You have to show up even when you don’t want to, and you’ve got to show up every single day for a long period of time before you even notice a bit of progress.

Can you do that?

Does it seem like something that’s worth doing in the name of that one thing you call passion?

If yes, congratulations.

If no, ask yourself, “What’s the one thing I think anyone can do?”

6 thoughts on “How to Find Your Passion

  1. I like this question, paradoxical and true. The one thing anyone can do, but you can do it better with passion.

    The pain we are willing to endure always defines us, and our paths. Nice article.

    Liked by 5 people

  2. Great advice once again Cristian. I think if you can find the thing you both love and believe in that will you give you the strength to keep going. To keep at it. It’s such a good point to remember that your choosing the thing you’re willing to struggle for – not simply enjoy doing. I guess that’s the difference between a hobby and a passion.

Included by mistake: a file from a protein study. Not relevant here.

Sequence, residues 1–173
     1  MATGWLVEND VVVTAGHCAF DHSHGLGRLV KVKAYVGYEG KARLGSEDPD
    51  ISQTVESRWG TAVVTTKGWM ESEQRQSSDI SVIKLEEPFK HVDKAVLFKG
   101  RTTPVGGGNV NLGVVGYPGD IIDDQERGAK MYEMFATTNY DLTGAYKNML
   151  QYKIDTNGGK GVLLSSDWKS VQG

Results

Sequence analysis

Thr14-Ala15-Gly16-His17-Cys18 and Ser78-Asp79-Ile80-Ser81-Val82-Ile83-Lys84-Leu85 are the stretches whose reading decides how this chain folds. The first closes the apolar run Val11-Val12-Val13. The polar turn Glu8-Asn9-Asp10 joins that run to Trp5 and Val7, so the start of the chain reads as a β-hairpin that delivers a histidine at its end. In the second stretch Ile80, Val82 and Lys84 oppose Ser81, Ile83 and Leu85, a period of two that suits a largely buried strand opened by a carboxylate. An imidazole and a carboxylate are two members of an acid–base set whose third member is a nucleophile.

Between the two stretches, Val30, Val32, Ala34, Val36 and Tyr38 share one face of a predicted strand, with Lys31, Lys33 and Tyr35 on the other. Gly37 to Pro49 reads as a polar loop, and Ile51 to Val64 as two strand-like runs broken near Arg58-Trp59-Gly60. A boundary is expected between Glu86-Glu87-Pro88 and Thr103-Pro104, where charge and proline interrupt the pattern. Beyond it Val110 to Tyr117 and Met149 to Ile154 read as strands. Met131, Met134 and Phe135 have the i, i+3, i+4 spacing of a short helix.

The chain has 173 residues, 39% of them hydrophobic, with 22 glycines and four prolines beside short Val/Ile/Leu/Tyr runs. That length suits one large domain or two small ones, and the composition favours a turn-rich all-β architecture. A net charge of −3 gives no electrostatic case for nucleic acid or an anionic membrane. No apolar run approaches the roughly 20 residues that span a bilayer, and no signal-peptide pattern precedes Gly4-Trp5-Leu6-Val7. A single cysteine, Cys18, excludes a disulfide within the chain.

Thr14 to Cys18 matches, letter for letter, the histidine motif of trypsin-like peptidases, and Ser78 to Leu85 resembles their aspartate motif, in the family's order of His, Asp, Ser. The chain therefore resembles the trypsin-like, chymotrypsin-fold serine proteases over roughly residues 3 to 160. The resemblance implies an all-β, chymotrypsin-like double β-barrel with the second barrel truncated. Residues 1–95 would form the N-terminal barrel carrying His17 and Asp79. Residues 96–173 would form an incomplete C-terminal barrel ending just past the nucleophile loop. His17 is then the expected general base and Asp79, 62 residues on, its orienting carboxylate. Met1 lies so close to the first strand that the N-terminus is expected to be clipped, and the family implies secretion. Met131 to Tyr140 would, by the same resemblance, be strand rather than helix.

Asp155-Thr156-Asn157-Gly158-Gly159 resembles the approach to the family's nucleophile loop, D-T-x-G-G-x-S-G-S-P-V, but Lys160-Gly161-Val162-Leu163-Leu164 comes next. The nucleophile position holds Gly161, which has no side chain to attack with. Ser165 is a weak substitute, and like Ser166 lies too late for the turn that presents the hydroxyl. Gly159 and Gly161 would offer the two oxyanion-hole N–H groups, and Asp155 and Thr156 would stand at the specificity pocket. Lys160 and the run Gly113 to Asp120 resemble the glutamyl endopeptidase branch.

Liked by 3 people

  3. This is great!
    I always enjoy your posts because you write what we as writers need to hear. Your experience and growth as a writer is astonishing and is motivating for me, personally. I hope to reach where you have someday!
    Thanks for sharing this! :D

    Liked by 2 people

  4. I haven’t been paid for my writing since college, 89′ when I wrote for the Stoutonia, the University’s student newspaper. And yet, I still have done it, starting my first blog in 12′. I love to challenge others’ views and ideas as they challenge mine. I just spent about 2 hours chatting with someone who thinks I am a “ratfucker”. I didn’t know what that was either. I guess it has something to do with knowing and/or supporting Roger Smith. We challenged each other, not my intent though. I just wanted to be friendly with her because I liked her views on a JFK website that I follow. In the end, I think we just went our separate ways. Thanks for sharing.

    Liked by 2 people